FALL 2004 UMASS Amherst
Operations Research / Management Science Seminar Series

Date: Friday, December 10, 2004
Time: 11:00 AM
Location: Isenberg School of Management, Room 112

Speakers: Professor Sara A. McComb
Ralitza Patrashkova

Department of Finance and Operations Management
Isenberg School of Management
University of Massachusetts at Amherst
Biographies: Sara Ann McComb is an Associate Professor of Operations Management in the Isenberg School of Management at the University of Massachusetts in Amherst.  She received her B.S.I.E. from GMI Engineering & Management Institute and an M.S.E.S. from Rensselaer Polytechnic Institute.  Professor McComb was an employee of General Motors throughout both her B.S. and M.S. programs where she held many positions including production supervisor, production engineer, buyer, and supplier development engineer.  In 1995, she left General Motors to pursue her Ph.D. at Purdue University in the School of Industrial Engineering.  She completed her Ph.D. program in 1998.  Professor McComb’s research interests are in the area of cross-functional project teams.  Specifically, she is interested in topics such as the internal team processes used by teams, the complexity of team assignments, and the organizational context in which teams function.  To examine these issues, she utilizes a variety of research methods including modeling and simulation, laboratory experiments, and field research.

Ralitza Patrashkova received a M.Sc. degree in Computer Science from the Technical University, Sofia, Bulgaria in 1995. She is currently a Ph.D. Candidate in Management Science at the Isenberg School of Management, University of Massachusetts, Amherst. Her research interests include effective team communication, modeling human behavior in teams, and applying different simulation techniques to social systems modeling. She is a member of INFORMS and AOM.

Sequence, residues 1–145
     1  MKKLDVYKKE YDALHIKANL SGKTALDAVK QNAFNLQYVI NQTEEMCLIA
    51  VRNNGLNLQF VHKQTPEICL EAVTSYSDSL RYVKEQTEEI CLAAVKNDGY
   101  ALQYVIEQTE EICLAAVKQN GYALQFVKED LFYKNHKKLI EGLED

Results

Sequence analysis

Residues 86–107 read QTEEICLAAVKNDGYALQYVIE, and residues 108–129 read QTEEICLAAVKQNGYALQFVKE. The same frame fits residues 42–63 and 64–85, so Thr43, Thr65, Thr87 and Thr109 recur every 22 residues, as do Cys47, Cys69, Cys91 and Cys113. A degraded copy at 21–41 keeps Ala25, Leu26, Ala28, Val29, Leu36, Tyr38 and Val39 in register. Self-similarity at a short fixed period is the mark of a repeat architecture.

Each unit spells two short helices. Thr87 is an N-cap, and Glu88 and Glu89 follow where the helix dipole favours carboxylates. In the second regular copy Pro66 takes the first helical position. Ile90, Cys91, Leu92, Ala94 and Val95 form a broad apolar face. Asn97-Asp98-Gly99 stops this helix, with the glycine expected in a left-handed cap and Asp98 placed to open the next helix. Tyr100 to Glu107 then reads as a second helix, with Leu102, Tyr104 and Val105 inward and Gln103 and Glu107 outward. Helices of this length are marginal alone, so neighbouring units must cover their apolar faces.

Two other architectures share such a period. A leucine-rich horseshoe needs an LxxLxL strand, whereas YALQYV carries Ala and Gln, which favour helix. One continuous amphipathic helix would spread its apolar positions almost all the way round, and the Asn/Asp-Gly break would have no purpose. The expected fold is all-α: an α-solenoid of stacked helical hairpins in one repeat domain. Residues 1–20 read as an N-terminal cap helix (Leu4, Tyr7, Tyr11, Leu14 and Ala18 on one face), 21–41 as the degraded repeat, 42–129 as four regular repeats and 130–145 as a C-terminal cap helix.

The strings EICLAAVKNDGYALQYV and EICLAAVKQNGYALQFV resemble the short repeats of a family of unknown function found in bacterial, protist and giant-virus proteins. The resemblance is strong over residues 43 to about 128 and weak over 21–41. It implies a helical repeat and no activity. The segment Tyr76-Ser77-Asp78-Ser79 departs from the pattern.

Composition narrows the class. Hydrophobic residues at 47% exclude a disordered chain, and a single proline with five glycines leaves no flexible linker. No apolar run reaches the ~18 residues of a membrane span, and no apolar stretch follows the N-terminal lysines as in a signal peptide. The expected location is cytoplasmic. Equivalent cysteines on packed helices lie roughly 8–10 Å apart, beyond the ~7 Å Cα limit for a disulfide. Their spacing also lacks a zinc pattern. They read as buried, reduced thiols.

TITLE: It's Not Easy Being a Team:
Researching Collaboration from All Sides

Abstract: In this presentation, we examine how management science and behavioral research can be combined to provide a more comprehensive understanding of human behavior. Specifically, we discuss the various methods that we have employed for researching team behavior.  We begin by presenting the results of our research on team communication obtained through empirical data analysis, through simulation, and through optimization.  By reviewing these results together, we demonstrate how the various techniques can be combined to better inform research.  Our discussion then turns from how teams communicate to how teams collaborate by providing an overview of our shared mental model experimental research.  We conclude by highlighting the ways in which we are combining the experimental data we have collected and management science techniques to model team collaboration.
This series is organized by the UMASS Amherst INFORMS Student Chapter. Support for this series is provided by the Isenberg School of Management, the Department of Finance and Operations Management, and the John F. Smith Memorial Fund.

For questions, please contact the INFORMS Student Chapter President, Ms. Tina Wakolbinger, wakolbinger@som.umass.edu